New Delhi- With the air quality in smog-ridden New Delhi taking a perilous dive, asthmatic Bangladesh cricketers opted to stay indoors as they prepare for their upcoming World Cup match against Sri Lanka. The decision was driven by concerns over the hazardous air conditions, and the team’s coach, Chandika Hathurusinghe, made the call.
Both cricket squads had already called off one practice session in anticipation of Monday’s match. This fixture will see eliminated Bangladesh pitted against seventh-placed Sri Lanka, who maintain only the slimmest of chances to secure a spot in the last four of the tournament.
While a brief moment of sunlight broke through on Sunday afternoon, the suffocating air quality has compelled the Delhi government to extend the closure of primary schools until November 10. Furthermore, online learning has been recommended for other educational classes.
On Sunday, the air quality index (AQI) in Delhi recorded a staggering 460. An AQI reading in the range of 0-50 is considered good, while anything between 400-500 is harmful to the health of both the general population and poses a grave threat to individuals with pre-existing medical conditions.
Hathurusinghe informed reporters at the Arun Jaitley Stadium that their team’s doctor is closely monitoring the players’ well-being. Some members of the squad, who suffer from asthma, opted to skip practice altogether and remained indoors.
“Even during practice, we are extremely cautious. We focus on the essential training, and then players retreat to the dressing room. They avoid outdoor exposure unless they are actively involved in bowling or batting,” stated the Sri Lankan coach.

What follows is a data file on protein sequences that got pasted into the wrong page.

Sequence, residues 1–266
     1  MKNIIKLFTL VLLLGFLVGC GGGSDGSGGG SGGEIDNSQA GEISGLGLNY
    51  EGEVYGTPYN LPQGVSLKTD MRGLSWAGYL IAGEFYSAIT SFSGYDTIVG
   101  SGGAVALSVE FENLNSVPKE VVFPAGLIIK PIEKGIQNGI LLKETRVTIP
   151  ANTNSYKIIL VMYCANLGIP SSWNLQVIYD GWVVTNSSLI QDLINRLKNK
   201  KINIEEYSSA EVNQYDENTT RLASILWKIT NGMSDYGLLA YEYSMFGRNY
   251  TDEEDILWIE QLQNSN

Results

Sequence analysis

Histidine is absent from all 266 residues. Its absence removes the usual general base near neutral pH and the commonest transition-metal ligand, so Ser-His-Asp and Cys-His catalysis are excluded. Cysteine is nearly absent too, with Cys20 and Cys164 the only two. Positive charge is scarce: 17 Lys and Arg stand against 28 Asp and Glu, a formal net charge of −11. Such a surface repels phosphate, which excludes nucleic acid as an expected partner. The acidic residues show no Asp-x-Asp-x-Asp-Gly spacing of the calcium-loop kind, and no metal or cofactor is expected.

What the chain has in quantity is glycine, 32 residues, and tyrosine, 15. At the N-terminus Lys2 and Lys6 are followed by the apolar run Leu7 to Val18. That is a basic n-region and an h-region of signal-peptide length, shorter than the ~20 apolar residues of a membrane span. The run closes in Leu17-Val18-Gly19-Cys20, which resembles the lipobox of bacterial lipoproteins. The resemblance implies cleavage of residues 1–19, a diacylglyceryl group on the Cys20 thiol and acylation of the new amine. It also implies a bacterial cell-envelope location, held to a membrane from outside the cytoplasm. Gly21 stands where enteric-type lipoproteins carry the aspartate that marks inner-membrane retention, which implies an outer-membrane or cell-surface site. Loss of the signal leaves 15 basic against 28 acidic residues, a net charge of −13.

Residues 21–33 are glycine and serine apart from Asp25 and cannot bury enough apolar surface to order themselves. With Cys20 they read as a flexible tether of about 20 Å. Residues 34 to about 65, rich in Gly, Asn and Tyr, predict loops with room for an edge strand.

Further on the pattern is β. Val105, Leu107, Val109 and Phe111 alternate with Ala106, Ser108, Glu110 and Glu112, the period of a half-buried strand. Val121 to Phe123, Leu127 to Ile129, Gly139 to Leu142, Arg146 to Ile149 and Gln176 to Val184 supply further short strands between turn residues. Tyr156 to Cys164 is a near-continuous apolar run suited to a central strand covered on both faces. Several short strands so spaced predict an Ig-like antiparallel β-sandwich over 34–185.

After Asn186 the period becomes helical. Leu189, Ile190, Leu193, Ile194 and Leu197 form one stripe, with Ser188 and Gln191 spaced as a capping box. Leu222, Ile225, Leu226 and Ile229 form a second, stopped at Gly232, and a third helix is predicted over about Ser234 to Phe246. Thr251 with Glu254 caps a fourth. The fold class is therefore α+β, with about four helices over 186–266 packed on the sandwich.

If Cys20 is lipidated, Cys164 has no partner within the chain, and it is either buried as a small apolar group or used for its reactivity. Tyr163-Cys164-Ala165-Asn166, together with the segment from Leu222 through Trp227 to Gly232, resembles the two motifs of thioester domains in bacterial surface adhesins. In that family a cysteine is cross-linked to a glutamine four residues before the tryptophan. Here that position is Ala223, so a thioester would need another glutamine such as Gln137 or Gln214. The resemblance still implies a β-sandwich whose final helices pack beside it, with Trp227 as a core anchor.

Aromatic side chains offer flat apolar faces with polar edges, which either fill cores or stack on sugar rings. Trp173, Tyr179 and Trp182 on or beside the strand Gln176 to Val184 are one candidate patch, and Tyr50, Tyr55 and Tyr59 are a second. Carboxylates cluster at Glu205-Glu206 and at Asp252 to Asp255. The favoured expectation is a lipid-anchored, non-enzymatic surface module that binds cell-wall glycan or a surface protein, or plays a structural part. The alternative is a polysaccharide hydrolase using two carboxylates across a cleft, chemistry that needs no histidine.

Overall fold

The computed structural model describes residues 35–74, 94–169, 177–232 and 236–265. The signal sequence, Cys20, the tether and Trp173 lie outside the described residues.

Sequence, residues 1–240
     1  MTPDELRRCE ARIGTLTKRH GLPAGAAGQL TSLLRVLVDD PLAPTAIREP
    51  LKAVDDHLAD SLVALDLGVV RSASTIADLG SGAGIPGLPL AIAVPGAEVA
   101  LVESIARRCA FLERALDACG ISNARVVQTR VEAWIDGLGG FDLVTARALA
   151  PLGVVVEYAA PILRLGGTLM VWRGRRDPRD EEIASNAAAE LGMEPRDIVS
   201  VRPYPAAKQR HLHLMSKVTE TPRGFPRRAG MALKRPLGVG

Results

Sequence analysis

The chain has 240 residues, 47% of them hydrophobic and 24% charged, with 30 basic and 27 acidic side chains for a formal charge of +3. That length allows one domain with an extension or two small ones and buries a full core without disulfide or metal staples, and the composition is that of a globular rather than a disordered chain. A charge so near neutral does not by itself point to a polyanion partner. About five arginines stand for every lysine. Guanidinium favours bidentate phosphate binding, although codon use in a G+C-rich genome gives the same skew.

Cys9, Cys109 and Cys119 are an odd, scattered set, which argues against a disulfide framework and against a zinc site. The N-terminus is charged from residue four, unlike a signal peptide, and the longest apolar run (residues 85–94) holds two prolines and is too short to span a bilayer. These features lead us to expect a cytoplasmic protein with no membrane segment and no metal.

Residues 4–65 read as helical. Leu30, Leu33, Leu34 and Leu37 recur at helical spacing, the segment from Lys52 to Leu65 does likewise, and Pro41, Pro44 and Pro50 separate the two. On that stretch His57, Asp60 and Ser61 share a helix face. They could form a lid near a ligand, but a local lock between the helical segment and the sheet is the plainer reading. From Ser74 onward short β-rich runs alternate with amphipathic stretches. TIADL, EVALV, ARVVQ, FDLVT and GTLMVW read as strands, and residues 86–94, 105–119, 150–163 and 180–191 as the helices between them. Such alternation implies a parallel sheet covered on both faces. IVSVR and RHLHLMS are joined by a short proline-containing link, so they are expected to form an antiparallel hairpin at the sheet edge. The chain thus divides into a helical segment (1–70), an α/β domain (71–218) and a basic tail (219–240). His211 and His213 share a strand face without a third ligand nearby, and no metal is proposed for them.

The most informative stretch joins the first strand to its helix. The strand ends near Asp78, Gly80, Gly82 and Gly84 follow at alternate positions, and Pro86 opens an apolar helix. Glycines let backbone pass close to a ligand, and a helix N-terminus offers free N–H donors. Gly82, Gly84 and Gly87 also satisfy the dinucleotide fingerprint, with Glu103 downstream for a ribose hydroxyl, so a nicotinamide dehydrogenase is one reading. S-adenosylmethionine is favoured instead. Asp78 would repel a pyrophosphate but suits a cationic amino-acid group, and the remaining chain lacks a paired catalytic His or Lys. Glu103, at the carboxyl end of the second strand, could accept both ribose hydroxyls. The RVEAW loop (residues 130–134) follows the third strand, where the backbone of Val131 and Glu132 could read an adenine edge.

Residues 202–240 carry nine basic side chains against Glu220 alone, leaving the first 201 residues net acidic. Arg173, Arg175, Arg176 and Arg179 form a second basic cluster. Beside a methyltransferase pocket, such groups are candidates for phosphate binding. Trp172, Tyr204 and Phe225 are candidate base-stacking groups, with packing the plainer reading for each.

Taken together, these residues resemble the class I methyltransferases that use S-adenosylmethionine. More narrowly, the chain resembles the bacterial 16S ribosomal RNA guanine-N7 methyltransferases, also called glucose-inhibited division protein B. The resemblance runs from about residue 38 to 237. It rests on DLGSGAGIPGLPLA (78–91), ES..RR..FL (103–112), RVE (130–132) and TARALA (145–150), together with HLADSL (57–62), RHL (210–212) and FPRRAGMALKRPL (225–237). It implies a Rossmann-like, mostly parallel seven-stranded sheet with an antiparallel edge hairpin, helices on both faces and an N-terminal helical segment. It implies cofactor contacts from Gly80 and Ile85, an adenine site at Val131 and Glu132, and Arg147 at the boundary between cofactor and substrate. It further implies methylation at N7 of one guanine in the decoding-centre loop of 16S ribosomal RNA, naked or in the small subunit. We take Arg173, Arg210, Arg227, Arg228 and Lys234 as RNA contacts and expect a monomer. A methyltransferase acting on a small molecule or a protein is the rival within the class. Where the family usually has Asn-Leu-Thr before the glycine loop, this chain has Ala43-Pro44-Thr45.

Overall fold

In light of the deteriorating air quality, the Indian cricket board has imposed a ban on the use of fireworks during post-match celebrations. Their aspiration is for Monday’s match, the final one to be held in Delhi, to conclude without any adverse incidents.
The International Cricket Council (ICC), the governing body of cricket, is actively monitoring the situation in New Delhi. While acknowledging that the conditions are far from ideal, Hathurusinghe noted that the teams have little choice but to compete under the prevailing circumstances.
The fast bowlers, in particular, are expected to face significant challenges in delivering their best performance. However, Hathurusinghe rejected the notion that the air quality would dictate Bangladesh’s team composition.
“The selection of the team will not hinge on air quality but will be determined by the conditions, the opposition, and our strengths,” he affirmed.
When questioned about his opinion on whether Delhi was an appropriate venue for cricket matches at this time of the year, Hathurusinghe tactfully avoided delivering a conclusive judgment, emphasizing that he lacked the necessary qualifications to do so. Instead, he redirected the focus towards the impending task for Bangladesh, underlining their aspirations to secure a place in the 2025 Champions Trophy, hosted in Pakistan. Currently ranked ninth in the points table, they are earnestly aiming to attain a higher position to realize this objective.